Dark Reading is part of the Informa Tech Division of Informa PLC

This site is operated by a business or businesses owned by Informa PLC and all copyright resides with them.Informa PLC's registered office is 5 Howick Place, London SW1P 1WG. Registered in England and Wales. Number 8860726.

Operational Security //

Data Leakage

6/28/2018
12:15 PM
Scott Ferguson
Scott Ferguson
News Analysis-Security Now
50%
50%

Equifax Agrees to Implement New Security Measures

Equifax and eight states have signed an agreement that will have the company implement new security rules, following one of the largest data breaches in history. The news comes as a Florida firm may have exposed the records of millions to the open Internet.

Equifax has agreed to implement new security practices as part of a consent decree with eight different states, following last year's massive data breach that exposed the personal information of more than 146 million of the company's customers.

The eight states -- Alabama, California, Georgia, Maine, Massachusetts, New York, North Carolina and Texas -- and Equifax signed the agreement on June 27, according to the New York Times.

The agreement details several different steps the company must take, including conducting security audits on an annual basis and developing new data protection policies and guidelines, as well as better control of outside vendors working for the company, according to the report.

For nearly a year, Equifax has been dealing with the fallout of the breach, which exposed customers' personal records, including names, dates of birth, Social Security numbers, addresses, phone numbers, driver's license numbers and others. (See Equifax Filing Sheds Light on 2017 Data Breach Carnage.)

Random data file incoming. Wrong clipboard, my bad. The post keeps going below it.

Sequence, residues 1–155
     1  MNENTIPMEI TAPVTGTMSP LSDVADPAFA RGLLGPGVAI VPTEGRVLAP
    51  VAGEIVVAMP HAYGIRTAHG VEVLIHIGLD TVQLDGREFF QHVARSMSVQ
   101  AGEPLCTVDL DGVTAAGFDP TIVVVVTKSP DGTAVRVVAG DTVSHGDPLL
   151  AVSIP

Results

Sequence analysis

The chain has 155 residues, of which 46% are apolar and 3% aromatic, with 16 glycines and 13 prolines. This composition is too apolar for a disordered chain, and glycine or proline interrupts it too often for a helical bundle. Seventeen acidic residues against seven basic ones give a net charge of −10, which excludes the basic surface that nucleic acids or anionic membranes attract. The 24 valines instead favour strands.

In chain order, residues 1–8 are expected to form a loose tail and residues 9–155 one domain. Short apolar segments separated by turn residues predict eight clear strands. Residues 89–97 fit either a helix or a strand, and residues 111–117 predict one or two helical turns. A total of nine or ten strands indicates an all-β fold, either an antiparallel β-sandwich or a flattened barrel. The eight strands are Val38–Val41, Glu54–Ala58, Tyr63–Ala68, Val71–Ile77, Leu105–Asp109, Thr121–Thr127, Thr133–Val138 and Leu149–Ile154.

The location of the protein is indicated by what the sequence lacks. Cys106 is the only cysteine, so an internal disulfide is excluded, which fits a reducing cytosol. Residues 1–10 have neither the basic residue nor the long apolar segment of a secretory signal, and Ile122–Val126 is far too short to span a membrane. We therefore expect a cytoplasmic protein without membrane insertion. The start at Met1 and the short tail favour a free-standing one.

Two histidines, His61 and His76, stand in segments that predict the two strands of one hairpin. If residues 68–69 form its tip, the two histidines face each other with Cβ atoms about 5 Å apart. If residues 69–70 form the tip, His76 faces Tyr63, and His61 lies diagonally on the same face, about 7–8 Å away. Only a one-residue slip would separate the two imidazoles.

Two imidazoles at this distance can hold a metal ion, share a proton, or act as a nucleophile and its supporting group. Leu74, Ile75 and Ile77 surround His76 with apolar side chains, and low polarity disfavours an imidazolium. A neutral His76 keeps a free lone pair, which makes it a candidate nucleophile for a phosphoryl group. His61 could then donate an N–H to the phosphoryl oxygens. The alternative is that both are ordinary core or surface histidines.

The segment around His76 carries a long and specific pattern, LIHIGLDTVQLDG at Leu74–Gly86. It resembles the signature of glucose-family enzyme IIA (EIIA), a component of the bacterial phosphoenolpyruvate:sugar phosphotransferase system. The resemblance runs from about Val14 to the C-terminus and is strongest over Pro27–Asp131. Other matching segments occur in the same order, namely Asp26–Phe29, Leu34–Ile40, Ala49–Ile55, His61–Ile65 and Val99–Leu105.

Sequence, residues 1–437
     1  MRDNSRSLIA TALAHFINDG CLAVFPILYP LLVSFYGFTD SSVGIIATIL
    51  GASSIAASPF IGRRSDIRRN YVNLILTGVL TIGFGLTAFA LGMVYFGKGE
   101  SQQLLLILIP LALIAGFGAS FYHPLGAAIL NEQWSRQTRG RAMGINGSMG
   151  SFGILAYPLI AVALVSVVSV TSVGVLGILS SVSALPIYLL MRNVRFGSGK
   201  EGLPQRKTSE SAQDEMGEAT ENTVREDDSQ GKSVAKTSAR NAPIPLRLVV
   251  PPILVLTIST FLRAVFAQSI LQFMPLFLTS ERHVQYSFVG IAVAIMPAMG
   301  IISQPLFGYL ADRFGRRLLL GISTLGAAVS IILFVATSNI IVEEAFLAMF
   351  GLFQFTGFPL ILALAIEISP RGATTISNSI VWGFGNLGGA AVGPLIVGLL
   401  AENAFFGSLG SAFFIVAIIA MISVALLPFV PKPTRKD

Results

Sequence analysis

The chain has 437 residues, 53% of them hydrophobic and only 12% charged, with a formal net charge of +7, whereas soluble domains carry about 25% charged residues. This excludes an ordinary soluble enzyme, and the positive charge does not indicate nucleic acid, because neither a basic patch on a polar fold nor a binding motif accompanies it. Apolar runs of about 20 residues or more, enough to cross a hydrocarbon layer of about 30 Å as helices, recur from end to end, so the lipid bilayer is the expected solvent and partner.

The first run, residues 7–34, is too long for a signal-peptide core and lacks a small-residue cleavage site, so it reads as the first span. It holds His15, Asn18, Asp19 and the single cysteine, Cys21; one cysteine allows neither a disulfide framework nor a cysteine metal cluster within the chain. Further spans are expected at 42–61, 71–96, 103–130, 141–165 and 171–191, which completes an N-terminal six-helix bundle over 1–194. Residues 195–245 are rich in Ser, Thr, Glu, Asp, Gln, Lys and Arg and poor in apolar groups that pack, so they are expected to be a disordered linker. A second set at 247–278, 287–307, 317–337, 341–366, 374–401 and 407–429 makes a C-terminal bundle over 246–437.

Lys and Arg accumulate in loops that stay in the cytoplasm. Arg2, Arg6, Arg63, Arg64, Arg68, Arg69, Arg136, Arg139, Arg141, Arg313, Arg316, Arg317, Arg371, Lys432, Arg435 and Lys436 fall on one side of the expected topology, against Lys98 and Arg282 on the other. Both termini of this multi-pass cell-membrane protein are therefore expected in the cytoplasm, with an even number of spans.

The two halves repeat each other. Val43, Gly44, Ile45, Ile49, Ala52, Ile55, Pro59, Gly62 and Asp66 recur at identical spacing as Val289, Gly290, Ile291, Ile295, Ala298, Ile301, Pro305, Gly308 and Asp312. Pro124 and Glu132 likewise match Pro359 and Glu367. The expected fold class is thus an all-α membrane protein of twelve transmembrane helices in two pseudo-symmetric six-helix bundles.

It appears that the company did not patch a vulnerability in Apache Struts CVE-2017-5638, even though one was available.

In addition to sanctions against the company, the US Justice Department has been investigating the issue, and a former CIO of Equifax has been charged with selling stocks after learning about the breach. (See Former Equifax CIO Charged With Insider Trading.)

The news comes as Wired reported Wednesday that a small Florida firm, Exactis, appears to have left the personal records of some 340 million customers exposed to the open Internet.


Boost your understanding of new cybersecurity approaches at Light Reading's Automating Seamless Security event on October 17 in Chicago! Service providers and enterprise receive FREE passes. All others can save 20% off passes using the code LR20 today!

Security researcher Vinny Troia told Wired that he found the database exposed while searching for other information. Troia told Exactis, as well as the FBI, about the open database and it appears the company has closed it off. But it's not known if anyone else may have siphoned off data before the company responded.

As more and more enterprises move their data to the cloud, these types of data exposures are becoming more common. In most cases, the service provider -- AWS, Azure or another -- is responsible for the infrastructure, but the company using the service is responsible for protecting its own data.

This seems to have been the case with the TeenSafe service. There, a security researcher found data exposed on a database hosted on AWS and later told the company. (See TeenSafe Data Leak Shows Cloud Security Weaknesses.)